Wednesday 16 February 2022


 Author: Deborah Challinor
ISBN: 9781869506322

Hi Everyone

Here we have a historical novel packed with historical snippets of New Zealand.  I was very impressed by the way in which the author interwove this history.  It gave me an appreciation of the historical time when the New Zealand wars loomed.  What I really liked, was the ability to connect with the characters in way that enlightened the history that I am familiar with.  I have watched documentaries, read books and been taught at school about New Zealand's history. But, to read a novel where the historical connections are interwoven with characters that seemed real, gave me a new depth of appreciation of the history that New Zealand is rich with. Although this is an 'historical novel' I felt that historical undercurrent was respectful and for this reason I recommend picking up this book.

Credit also needs to be given to the manner in which historical depth is written into Kitty's character and Amber's (the little girl whom Kitty...).  I turned page after page, never let down by the continued strength of the characters and the plot of this novel.  I have since purchased two more of Deborah Challinor's novels to add to my growing TBR pile.

This is a small review this time, but I think it is all needs.  The characters and plot speak for themselves once you've opened the pages.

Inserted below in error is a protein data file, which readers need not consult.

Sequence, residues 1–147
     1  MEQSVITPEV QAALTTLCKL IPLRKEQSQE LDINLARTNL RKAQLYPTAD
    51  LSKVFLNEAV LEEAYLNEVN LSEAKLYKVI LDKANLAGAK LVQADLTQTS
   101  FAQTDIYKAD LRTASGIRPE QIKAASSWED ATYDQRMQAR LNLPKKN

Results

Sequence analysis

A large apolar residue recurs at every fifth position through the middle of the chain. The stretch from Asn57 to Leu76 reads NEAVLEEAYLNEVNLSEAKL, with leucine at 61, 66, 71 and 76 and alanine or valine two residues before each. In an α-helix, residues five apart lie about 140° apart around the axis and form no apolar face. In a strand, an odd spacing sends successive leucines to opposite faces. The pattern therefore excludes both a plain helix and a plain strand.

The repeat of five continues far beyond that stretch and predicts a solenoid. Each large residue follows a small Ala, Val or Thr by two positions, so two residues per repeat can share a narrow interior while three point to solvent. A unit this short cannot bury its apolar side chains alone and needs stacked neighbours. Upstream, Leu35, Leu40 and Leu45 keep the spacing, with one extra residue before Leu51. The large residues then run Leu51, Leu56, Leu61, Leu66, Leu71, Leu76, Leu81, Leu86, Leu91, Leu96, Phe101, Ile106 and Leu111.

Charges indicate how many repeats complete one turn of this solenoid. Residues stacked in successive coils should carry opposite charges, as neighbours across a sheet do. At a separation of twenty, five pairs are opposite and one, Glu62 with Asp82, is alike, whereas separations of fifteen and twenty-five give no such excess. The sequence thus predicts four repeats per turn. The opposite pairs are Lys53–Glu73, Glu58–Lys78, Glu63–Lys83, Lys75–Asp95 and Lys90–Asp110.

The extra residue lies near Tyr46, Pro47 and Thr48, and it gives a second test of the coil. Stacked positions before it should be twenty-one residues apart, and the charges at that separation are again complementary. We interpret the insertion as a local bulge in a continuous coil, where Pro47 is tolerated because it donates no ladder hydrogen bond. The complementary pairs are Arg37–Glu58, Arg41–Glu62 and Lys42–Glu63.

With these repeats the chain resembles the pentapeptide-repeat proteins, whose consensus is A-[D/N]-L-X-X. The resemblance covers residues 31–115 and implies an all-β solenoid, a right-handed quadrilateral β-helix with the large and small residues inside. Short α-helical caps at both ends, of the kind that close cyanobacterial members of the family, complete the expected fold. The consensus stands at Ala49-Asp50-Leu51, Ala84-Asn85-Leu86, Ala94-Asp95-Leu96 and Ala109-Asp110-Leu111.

The second riveting instalment in The Smuggler's Wife series by one of our leading historical novelists. "She was Maori, aged anywhere between three and five years old. Her dirty, matted hair hung past her shoulders, and sweet, heart-shaped little face was filthy." When Kitty Farrell is offered a trinket by a street urchin, her implulsive response will change both of their lives forever. It is 1845, and after four years on the high seas with Rian, her wild Irish husband, she returns to the lawless Bay of Islands and a country at war. Kitty and Rian must battle to be reunited as they fight for their lives and watch friends and enemies alike succumb to the madness of war and the fatal seduction of hatred.

Happy Reading

1 comment: